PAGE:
The European elections on the other hand may be a different matter. In the YouGov poll on the Euro-elections conducted last month it showed both the Conservatives and Labour gaining support as UKIP collapse. Translated into seats, this would mean Labour receiving the biggest increase in seats at the election – a result emminently spinnable into a good news story. The local government election results are announced two days before the European results, so if it did happen Labour could get the bad local election news out of the way and then get good publicity from the Euros.

Still a long way away of course, polls could change and UKIP might not collapse, but don’t assume Labour will lose MEPs.


Channel 4 have released a new YouGov poll of marginal seats that projects a Conservative majority of between 60-70 seats were it to be repeated at a general election.

The last time YouGov carried out a marginals poll like this was at the tail end of October, when the Labour lead in national polls had narrowed to high single figures, but had get to reach the tighter position we saw towards the end of last year. Back then it showed the shares of support in the target seats at CON 43%, LAB 38%, LDEM 12%. Today that has moved to CON 43%, LAB 36%, LDEM 13% – so there has been a slight move against Labour. This is, again, pretty much in line with YouGov’s national polls which showed a 8 point Tory lead back in October and an 11 point Tory lead now. The movements in the marginal seats seem to be much the same as the national picture.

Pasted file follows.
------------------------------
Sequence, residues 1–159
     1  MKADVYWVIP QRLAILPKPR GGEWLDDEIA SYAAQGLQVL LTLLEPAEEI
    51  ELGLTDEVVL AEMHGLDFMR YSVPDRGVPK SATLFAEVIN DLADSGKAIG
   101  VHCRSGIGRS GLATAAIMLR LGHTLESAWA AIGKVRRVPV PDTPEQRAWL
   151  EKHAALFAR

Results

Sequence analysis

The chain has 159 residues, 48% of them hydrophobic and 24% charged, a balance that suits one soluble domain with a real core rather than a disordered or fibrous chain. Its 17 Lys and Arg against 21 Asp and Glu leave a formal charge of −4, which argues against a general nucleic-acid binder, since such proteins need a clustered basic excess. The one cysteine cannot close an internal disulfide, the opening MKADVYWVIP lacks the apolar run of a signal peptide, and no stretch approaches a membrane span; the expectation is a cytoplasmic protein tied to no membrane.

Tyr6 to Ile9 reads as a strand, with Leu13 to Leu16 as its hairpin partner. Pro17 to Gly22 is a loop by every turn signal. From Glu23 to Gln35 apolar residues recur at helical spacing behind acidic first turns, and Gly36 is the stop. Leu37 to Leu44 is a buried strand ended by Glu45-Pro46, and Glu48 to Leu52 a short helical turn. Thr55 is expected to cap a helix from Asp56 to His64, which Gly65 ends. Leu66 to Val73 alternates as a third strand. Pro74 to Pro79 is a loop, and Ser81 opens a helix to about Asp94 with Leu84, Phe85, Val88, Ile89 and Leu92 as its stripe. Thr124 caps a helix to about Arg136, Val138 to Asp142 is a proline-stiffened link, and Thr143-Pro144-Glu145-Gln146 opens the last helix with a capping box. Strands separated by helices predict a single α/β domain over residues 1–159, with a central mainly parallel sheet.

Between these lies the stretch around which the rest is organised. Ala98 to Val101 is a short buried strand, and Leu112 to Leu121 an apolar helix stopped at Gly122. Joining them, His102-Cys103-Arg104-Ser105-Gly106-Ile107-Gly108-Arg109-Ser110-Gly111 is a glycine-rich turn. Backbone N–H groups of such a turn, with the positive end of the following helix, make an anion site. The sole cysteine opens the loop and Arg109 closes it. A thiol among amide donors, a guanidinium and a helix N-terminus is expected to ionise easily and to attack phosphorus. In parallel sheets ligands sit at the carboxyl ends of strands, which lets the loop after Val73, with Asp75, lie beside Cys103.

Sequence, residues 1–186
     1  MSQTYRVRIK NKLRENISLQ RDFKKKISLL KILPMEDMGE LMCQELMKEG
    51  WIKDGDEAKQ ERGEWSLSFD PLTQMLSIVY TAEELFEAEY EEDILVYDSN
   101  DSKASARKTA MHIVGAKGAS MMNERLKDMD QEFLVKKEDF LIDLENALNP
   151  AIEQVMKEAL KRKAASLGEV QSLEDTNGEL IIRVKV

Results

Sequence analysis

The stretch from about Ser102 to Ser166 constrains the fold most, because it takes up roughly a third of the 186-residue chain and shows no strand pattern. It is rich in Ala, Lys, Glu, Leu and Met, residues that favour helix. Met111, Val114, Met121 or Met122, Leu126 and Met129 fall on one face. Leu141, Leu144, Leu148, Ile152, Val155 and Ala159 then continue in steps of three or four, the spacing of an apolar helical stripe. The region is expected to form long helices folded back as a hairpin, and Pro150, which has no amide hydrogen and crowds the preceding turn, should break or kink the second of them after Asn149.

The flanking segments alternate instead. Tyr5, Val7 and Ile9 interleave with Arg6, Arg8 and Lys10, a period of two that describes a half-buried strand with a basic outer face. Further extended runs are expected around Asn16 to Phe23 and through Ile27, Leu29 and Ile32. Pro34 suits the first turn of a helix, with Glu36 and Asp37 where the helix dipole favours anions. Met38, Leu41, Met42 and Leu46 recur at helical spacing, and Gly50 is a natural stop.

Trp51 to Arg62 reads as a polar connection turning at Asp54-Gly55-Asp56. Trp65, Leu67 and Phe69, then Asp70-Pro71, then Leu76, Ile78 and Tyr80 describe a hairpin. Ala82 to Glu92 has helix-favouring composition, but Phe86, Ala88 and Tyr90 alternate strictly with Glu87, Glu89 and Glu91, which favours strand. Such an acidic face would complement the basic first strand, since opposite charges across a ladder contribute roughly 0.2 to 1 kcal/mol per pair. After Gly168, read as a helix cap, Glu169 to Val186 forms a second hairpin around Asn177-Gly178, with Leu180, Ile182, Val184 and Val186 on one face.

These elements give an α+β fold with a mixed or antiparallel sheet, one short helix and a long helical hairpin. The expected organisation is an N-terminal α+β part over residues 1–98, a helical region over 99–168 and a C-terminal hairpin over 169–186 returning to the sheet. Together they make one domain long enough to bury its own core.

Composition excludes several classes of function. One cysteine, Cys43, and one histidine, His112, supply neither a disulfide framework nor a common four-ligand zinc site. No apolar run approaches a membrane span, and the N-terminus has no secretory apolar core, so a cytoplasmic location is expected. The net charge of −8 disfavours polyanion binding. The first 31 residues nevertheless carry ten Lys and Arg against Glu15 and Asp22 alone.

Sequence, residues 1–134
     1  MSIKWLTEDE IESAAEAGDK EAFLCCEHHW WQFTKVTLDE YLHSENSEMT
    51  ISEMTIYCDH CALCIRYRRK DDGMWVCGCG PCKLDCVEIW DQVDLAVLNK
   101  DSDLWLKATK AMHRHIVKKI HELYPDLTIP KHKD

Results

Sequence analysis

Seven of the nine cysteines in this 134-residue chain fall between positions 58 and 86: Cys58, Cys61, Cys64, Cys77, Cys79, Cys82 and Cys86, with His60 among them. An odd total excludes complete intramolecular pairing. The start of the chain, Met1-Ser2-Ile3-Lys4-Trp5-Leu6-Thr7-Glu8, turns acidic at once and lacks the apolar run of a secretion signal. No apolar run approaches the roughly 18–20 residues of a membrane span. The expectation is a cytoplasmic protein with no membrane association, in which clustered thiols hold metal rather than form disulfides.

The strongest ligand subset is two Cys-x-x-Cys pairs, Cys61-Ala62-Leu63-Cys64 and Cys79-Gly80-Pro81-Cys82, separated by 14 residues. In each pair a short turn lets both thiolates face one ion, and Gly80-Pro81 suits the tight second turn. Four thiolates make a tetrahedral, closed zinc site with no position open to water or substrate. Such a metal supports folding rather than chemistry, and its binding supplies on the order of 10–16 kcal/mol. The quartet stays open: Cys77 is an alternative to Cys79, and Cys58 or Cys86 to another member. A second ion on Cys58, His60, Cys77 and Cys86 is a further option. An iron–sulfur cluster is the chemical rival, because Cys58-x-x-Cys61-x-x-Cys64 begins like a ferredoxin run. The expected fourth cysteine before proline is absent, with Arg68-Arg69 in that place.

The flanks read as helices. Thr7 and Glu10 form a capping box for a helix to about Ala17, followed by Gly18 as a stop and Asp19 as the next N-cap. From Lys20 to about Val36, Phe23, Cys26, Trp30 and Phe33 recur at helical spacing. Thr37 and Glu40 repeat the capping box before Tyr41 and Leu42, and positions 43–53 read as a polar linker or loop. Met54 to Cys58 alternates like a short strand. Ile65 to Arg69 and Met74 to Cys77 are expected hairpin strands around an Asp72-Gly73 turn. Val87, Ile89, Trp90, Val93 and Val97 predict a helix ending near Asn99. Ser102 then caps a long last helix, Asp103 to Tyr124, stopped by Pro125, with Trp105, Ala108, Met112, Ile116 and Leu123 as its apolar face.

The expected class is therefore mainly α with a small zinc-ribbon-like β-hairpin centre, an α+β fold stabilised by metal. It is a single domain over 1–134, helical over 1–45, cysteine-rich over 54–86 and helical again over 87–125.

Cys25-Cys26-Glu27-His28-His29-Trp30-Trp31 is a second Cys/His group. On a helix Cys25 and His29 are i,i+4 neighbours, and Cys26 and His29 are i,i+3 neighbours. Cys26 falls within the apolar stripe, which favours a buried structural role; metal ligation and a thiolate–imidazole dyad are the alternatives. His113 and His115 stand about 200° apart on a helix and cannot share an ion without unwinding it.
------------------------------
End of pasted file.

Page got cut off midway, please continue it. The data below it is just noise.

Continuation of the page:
Expectations on the economy are low – only 14% say they agree with the government’s predictions that the economy will turn around this year. 41% think Britain will not come out of recession till 2010 and 32% think it will be even longer. They are also very pessimistic about whether the government’s actions to tackle the crisis will work. A rather pathetic 2% think they will make a big difference, 23% think they will make a small difference, but that this is worth the money. 35% think they will make a small difference and are a waste of money, 29% think they will do nothing at all.

Taking a slightly wider view on how the government have responded to the crisis, the public in marginal seats are split more evenly. 12% think they have responded well, 32% think have moved in the right direction, albeit not quickly or effectively enough – giving about 44% of people in marginal seats with a broadly positive view. In contrast, 18% think their strategy is wrong and they are doing more harm than good and 26% think they are taking panic measures with no clear strategy at all.